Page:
With CUDA we were able to make some assumptions about the sizes and speed of the various different types of memory. Well they weren't really assumptions since we know the exact details of the underlying hardware that CUDA applications are running on. With OpenCL we can't easily make assumptions regarding sizes and speeds of the various different types of memory. The OpenCL specification identifies the different types of memory constructs that you must support from the API perspective but OpenCL driver providers have to map that specification to their underlying hardware. For example the amount and speed of global memory on a Cell processor vs an Nvidia GPU can vary significantly. While you should be guaranteed that your OpenCL code will compile and run on different underlying devices you should expect to do some fine tuning to achieve best performance for the various platforms. The types of memory provided by the OpenCL specification are:
Global Memory (CUDA Global): This memory region permits read/write access to all work-items in all work-groups. Work-items can read from or write to any element of a memory object. Reads and writes to global memory may be cached depending on the capabilities of the device.
Constant Memory (CUDA Constant): A region of global memory that remains constant during the execution of a kernel. The host allocates and initializes memory objects placed into constant memory.
Local Memory (CUDA Shared): A memory region local to a work-group. This memory region can be used to allocate variables that are shared by all work-items in that work-group. It may be implemented as dedicated regions of memory on the OpenCL device. Alternatively, the local memory region may be mapped onto sections of the global memory.
Private Memory (CUDA Reqister): A region of memory private to a work-item. Variables defined in one work-item’s private memory are not visible to another work-item.
|Memory||Access Speed||Visibility||Access Type|
|Private||Faster||Processing Element||D(R,W) H(None)|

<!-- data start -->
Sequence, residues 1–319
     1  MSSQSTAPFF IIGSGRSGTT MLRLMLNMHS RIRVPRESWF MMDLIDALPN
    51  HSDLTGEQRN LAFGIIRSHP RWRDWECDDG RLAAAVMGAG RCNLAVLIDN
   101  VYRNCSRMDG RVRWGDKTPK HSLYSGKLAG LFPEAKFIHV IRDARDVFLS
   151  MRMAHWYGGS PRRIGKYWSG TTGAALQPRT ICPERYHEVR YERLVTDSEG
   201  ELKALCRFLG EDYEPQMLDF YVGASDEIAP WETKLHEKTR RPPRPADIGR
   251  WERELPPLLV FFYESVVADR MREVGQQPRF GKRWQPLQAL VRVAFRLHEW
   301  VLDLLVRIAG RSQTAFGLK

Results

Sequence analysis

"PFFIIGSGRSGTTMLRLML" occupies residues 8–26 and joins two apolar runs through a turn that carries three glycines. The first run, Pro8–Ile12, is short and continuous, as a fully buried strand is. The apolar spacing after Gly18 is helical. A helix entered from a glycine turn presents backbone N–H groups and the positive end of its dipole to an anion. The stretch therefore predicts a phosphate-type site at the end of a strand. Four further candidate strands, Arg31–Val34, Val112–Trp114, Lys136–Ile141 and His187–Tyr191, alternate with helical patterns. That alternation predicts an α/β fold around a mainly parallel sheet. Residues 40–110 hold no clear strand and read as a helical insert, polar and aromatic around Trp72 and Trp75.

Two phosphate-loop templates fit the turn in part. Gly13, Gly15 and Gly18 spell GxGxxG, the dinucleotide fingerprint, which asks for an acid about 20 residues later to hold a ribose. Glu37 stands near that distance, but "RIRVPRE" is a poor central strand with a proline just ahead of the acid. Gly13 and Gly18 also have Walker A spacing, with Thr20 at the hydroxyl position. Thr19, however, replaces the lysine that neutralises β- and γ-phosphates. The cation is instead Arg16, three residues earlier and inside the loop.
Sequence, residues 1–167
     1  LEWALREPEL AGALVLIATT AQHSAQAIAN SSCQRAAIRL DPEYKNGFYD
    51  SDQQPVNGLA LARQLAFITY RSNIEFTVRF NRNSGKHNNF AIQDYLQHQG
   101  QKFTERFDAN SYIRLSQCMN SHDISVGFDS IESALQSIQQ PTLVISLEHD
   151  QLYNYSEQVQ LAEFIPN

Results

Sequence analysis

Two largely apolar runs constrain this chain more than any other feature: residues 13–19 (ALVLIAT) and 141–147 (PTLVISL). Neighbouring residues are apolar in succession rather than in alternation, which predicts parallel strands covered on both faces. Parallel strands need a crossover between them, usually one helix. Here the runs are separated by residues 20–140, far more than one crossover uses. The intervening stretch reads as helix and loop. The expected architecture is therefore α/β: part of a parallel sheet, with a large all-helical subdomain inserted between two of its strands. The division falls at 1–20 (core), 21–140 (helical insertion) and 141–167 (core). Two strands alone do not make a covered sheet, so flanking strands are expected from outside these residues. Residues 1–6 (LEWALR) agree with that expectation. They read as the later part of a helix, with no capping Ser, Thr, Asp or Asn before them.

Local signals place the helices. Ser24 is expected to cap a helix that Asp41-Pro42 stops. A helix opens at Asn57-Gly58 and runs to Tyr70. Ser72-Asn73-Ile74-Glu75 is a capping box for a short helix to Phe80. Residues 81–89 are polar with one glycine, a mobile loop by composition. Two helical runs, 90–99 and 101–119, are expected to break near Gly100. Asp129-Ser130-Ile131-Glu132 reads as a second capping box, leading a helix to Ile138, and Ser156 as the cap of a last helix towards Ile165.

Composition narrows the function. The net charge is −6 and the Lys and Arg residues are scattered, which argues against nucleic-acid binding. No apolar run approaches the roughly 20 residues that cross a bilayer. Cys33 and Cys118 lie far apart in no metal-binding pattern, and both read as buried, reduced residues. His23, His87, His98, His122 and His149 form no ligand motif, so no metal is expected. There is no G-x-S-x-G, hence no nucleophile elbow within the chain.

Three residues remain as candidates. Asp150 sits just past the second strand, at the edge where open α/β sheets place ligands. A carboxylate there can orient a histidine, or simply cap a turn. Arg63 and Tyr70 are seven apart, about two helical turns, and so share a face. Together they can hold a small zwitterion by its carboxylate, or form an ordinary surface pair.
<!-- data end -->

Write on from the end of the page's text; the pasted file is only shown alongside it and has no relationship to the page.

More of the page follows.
|Local||Faster||Work Group||D(R,W) H(None)|
While it can be dangerous to make assumptions regarding the speed of the different types I think it is a safe assumption that local and private will be faster than global and constant across all OpenCL devices. How much faster... impossible to say.
Now that we know a little about the OpenCL memory hierarchy how can we use this information to speed up our matrix multiplication? Our first two matrix multiplication programs copied the input data into global device memory (thats what clCreateBuffer( ) returns) and then the kernel read it out of global memory. From the information above we know that global device memory is the slower memory than local memory. So we should try and limit our usage of it. By changing our kernel to copy large blocks of data from global memory into local memory and then processing the data from local memory instead of global we should be able to speed up our overall computation.
The CUDA Matrix Multiplication 3 example explains how we need to decompose our calculation into sub problems that are further decomposed into sub problems so that they can fit into the limited local (shared) memory on the device. You might want to revisit that explanation to refresh your memory.
So now that we know what changes we need to make lets put together some code. The main program from OpenCL Matrix Multiplication 2 should work as is. Again I removed the printfs.
Main program (Listing 1)
The kernel is conceptualy identical to the kernel we put together for the CUDA Matrix Multiplication 3 example. All we really need to do is make syntactic changes.
Kernel (Listing 1)
We changed the __global__ to __kernel to indicate that the function is to be run on the device. We added a __global to designate the input matrices are in global memory. The references to blockIdx and threadIdx are converted to calls to get_global_id( ) and get_local_id( ). The shared memory arrays are converted to local memory arrays and the calls to __syncthreads( ) are converted to calls to barrier( ).
Most of the above changes are self explanatory with the exception of the call to barrier( ). The barrier( ) function is identical in function to the CUDA __syncthreads( ) function. All work-items in a work-group executing the kernel on a processor must execute this function before any are allowed to continue execution beyond the barrier. This function must be encountered by all work-items in a work-group executing the kernel. If barrier is inside a conditional statement, then all work-items must enter the conditional if any work-item enters the conditional statement and executes the barrier. If barrer is inside a loop, all work-items must execute the barrier for each iteration of the loop before any are allowed to continue execution beyond the barrier.
So let's take this version out for a test drive. Running this version yields a 61X speedup over the CPU verion. If we look back at our Matrix Multiplication 2 example we see that it was 57X faster than the CPU version. Now you may be thinking that this is an awful lot of work to just squeeze and extra 4X speedup... and perhaps it is. But let's change the size of our matrix to 2048 and see what we "see".
If we run our Matrix Multiplication 2 example,which uses only global memory, with matrices of 2048 X 2048 we will find that the GPU version is 279X faster than the CPU verion of the algorithm. Our local memory implementation of the GPU version is 370X faster than the CPU version. Looks like we really did get some "bang for our buck" after all!